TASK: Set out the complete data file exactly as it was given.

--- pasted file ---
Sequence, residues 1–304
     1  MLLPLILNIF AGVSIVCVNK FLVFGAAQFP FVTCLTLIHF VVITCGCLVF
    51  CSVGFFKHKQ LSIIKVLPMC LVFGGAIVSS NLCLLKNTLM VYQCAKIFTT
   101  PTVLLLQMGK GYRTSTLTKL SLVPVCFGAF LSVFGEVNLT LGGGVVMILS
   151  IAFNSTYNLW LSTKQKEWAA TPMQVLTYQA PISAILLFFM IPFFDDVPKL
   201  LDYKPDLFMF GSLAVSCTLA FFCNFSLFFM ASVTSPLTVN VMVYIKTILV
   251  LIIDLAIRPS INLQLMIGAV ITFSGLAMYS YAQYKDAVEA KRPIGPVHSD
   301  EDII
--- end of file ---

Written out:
Sequence, residues 1–304
     1  MLLPLILNIF AGVSIVCVNK FLVFGAAQFP FVTCLTLIHF VVITCGCLVF
    51  CSVGFFKHKQ LSIIKVLPMC LVFGGAIVSS NLCLLKNTLM VYQCAKIFTT
   101  PTVLLLQMGK GYRTSTLTKL SLVPVCFGAF LSVFGEVNLT LGGGVVMILS
   151  IAFNSTYNLW LSTKQKEWAA TPMQVLTYQA PISAILLFFM IPFFDDVPKL
   201  LDYKPDLFMF GSLAVSCTLA FFCNFSLFFM ASVTSPLTVN VMVYIKTILV
   251  LIIDLAIRPS INLQLMIGAV ITFSGLAMYS YAQYKDAVEA KRPIGPVHSD
   301  EDII